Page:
We believe that the next generation of software verifiers will be constructed from logical specifications designed by quality/verification engineers with expertise in the application domain. Give a specification describing a verification method, a corresponding software verifier will be obtained by implementing a frontend that translates software source code into constraints according to the specification and then coupling the frontend with a highly-tuned general-purpose constraint solver, thus eliminating the need for algorithmic implementation efforts from the ground up. I will discuss the necessary methodology, solving algorithms, and tools for building verifiers of the future.
Joint work with Sergey Grebenshchikov, Nuno Lopes, and Corneliu Popeea.
Andrey Rybalchenko develops theories, algorithms and tools for improving the quality of software – one of the biggest challenges facing the information society. Andrey studied computer science at Saarland University and received a doctorate at the Max Planck Institute for Computer Science in Saarbrücken for his work on transition invariants. Before joining TUM, he was at Microsoft Research, École Polytechnique Fédérale de Lausanne, and the Max Planck Institute for Software Systems. Awards: MIT TR35 (2010), Microsoft Research European Fellow (2006), Otto Hahn Medal from MPG (2006).
Modern Model Checking techniques can easily verify advanced properties in complex software systems. Specifying these models and properties is as hard as ever, though. In this talk, I present techniques to extract models from legacy systems – models that are precise and complete enough to serve as specifications, and which open the door to modular verification.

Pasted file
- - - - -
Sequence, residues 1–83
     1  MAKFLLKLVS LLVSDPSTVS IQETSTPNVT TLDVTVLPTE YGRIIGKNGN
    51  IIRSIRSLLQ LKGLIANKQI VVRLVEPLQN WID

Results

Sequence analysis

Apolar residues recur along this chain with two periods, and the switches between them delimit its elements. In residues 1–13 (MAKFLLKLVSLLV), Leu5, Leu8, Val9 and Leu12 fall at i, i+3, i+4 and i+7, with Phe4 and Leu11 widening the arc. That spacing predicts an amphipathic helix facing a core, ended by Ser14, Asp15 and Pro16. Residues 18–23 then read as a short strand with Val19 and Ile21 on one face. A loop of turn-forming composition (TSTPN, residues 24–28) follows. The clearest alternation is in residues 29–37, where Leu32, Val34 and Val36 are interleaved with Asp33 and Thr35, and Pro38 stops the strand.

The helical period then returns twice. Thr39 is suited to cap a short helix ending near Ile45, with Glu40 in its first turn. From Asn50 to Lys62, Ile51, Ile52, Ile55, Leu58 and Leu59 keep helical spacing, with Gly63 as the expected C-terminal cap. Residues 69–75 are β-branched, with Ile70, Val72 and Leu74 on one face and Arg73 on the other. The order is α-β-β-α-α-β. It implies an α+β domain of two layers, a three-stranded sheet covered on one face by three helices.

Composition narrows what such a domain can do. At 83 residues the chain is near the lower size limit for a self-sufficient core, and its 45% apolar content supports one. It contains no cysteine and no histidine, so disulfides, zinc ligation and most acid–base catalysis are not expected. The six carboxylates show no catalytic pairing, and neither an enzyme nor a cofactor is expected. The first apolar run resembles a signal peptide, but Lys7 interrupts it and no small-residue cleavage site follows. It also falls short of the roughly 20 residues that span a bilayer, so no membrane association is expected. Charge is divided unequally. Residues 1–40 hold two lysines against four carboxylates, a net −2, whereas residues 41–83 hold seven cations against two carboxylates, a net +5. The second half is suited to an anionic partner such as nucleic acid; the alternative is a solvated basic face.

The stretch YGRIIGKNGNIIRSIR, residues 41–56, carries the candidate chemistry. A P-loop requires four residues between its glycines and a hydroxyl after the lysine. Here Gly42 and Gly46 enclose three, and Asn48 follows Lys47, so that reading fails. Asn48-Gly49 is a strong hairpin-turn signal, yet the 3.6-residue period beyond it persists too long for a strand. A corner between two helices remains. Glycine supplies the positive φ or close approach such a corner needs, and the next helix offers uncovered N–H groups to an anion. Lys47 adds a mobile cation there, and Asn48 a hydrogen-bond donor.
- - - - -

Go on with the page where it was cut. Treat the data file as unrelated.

Andreas Zeller is a professor for Software Engineering at Saarland University in Saarbrücken, Germany. His research concerns the analysis of large software systems and their development process; his students are funded by companies like Google, Microsoft, or SAP. In 2010, Zeller was inducted as Fellow of the ACM for his contributions to automated debugging and mining software archives. In 2011, he received an ERC Advanced Grant for work in specification mining and test case generation.
Symbolic execution has gathered significant interest in recent years as an effective technique for finding deep errors in complex software applications. In this tutorial, I will give an overview of modern dynamic symbolic execution techniques, discuss their key challenges in terms of path exploration, constraint solving, and memory modeling, and present our experience building two practical symbolic execution tools, EXE and KLEE, which are able to automatically discover serious bugs and security vulnerabilities in a diverse set of software systems, such as network servers, file systems, device drivers, packet filters, utility applications, and computer vision code.
Cristian Cadar is a Lecturer (Assistant Professor) in the Department of Computing at Imperial College London, where he leads the Software Reliability Group. His research interests span the areas of software engineering, computer systems and software security with an emphasis on building practical tools for improving the reliability and security of software systems. Cristian received a PhD in Computer Science from Stanford University, and undergraduate and Master's degrees from the Massachusetts Institute of Technology.